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Dominant and Universal (Semi)Measures

Traditionally, the algorithmic probability of $x in B^*$ is defined as the probability of producing $x$ by a halting program for a universal TM whose input bits are selected randomly. Since some of the possible input sequences cause nonhalting computations, the individual probabilities do not add up to 1. This and related issues inspired work on semimeasures [40,45,41,17,30] as opposed to classical measures considered in traditional statistics.

The next three definitions concerning semimeasures on $B^*$ are almost but not quite identical to those of discrete semimeasures [30, p. 245 ff] and continuous semimeasures [30, p. 272 ff] based on the work of Levin and Zvonkin [45].

Definition 4.1 (Semimeasures)   A (binary) semimeasure $mu$ is a function $B^* rightarrow [0,1]$ that satisfies:
\begin{displaymath}
\mu(\lambda) = 1;  
\mu(x) \geq 0;  
\mu(x) = \mu(x0) + \mu(x1) + \bar{\mu}(x),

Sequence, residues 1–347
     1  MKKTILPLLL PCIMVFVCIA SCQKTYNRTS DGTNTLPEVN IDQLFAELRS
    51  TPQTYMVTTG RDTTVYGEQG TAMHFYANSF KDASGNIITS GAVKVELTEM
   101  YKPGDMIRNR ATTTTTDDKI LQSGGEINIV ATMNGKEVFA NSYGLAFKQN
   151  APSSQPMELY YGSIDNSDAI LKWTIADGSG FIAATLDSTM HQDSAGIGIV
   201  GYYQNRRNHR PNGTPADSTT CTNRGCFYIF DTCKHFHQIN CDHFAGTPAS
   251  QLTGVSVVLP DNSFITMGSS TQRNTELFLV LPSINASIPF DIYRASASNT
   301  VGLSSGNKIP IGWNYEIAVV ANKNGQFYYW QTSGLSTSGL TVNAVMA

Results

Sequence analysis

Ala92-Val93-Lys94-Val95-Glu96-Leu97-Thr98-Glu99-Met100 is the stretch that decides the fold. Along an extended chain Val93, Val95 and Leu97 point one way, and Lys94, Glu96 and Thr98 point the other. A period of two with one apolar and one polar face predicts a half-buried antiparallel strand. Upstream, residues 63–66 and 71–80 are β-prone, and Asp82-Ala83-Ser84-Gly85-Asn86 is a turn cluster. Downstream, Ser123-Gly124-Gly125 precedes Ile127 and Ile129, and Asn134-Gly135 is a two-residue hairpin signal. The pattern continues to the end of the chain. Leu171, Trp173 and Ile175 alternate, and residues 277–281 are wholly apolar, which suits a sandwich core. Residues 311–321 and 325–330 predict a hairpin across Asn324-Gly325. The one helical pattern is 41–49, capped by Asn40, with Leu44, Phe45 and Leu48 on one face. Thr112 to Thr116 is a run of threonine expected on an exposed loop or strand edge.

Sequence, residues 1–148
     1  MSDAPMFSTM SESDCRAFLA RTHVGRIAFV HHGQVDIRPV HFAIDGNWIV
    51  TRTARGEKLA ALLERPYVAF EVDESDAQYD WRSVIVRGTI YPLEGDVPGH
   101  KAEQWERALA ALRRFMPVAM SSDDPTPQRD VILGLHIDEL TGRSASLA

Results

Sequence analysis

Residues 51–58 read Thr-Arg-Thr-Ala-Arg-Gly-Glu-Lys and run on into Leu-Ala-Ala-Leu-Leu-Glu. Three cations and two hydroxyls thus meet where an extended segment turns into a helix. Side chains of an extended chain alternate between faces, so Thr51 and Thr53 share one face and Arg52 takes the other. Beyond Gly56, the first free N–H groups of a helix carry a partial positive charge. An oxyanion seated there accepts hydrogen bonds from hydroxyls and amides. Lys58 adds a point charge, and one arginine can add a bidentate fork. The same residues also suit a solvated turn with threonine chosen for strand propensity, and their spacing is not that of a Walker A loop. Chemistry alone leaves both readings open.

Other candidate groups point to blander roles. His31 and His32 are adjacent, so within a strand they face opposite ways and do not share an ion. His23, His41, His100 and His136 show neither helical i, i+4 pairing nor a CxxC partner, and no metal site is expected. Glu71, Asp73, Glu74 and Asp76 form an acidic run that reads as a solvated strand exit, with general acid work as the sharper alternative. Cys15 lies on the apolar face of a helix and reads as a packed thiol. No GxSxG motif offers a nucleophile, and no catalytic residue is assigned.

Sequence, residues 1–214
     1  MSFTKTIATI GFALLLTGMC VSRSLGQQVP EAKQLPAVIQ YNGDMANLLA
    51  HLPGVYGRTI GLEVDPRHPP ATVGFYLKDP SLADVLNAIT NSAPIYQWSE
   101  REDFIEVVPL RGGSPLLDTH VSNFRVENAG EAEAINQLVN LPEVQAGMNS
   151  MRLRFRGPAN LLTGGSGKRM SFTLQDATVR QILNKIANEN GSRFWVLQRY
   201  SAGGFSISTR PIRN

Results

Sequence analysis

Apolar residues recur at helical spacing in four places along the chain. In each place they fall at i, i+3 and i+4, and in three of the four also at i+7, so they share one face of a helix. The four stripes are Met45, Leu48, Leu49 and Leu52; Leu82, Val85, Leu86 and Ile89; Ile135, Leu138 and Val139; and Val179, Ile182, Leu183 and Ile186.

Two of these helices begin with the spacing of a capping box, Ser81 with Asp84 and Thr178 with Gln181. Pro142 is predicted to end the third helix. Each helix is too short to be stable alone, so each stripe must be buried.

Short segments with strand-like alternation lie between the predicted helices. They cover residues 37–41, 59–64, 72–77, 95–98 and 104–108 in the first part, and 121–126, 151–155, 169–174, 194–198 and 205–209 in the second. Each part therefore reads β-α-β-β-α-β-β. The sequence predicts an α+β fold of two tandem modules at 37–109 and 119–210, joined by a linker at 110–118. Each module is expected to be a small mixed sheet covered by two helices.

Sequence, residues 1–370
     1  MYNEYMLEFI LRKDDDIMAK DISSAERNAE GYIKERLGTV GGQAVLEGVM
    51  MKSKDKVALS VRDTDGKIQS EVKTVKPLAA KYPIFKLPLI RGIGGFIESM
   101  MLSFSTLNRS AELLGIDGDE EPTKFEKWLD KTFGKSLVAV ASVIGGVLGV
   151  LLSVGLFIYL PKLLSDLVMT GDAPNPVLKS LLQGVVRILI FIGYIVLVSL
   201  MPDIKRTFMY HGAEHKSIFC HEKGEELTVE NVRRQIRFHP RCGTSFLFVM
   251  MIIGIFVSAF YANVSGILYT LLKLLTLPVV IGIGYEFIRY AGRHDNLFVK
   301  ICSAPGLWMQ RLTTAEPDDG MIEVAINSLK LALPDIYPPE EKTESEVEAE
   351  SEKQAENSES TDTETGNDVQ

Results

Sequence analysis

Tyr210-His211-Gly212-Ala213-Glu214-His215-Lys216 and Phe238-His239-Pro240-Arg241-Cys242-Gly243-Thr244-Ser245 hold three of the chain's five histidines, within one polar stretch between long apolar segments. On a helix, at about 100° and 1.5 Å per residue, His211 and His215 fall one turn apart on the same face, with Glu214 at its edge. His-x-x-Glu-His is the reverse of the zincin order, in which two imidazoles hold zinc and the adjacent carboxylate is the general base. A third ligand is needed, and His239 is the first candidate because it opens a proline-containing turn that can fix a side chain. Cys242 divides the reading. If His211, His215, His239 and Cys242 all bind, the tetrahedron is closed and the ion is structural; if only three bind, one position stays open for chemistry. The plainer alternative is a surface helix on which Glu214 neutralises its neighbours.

\end{displaymath} (15)

where $bar{mu}$ is a function $B^* rightarrow [0,1]$ satisfying $0 leq bar{mu}(x) leq mu(x)$.

A notational difference to the approach of Levin [45] (who writes $mu(x) leq mu(x0) + mu(x1)$) is the explicit introduction of $bar{mu}$. Compare the introduction of an undefined element $u$ by Li and Vitanyi [30, p. 281]. Note that $sum_{x in B^*} bar{mu}(x) leq 1$. Later we will discuss the interesting case $bar{mu}(x)=P(x)$, the a priori probability of $x$.

Definition 4.2 (Dominant Semimeasures)   A semimeasure $mu_0$ dominates another semimeasure $mu$ if there is a constant $c_{mu}$ such that for all $x in B^*$
\begin{displaymath}
\mu_0(x) > c_{\mu} \mu(x).
\end{displaymath} (16)

Definition 4.3 (Universal Semimeasures)   Let $cal M$ be a set of semimeasures on $B^*$. A semimeasure $mu_0 in$ $cal M$ is universal if it dominates all $mu in$ $cal M$.

In what follows, we will introduce novel, nonenumerable but describable semimeasures dominating the c.e. ones considered in previous work [45][30, p. 245 ff, p.272 ff].


next up previous
Next: A Novel Universal Cumulatively Up: Measures and Probability Distributions Previous: Measures and Probability Distributions
Juergen Schmidhuber 2003-02-13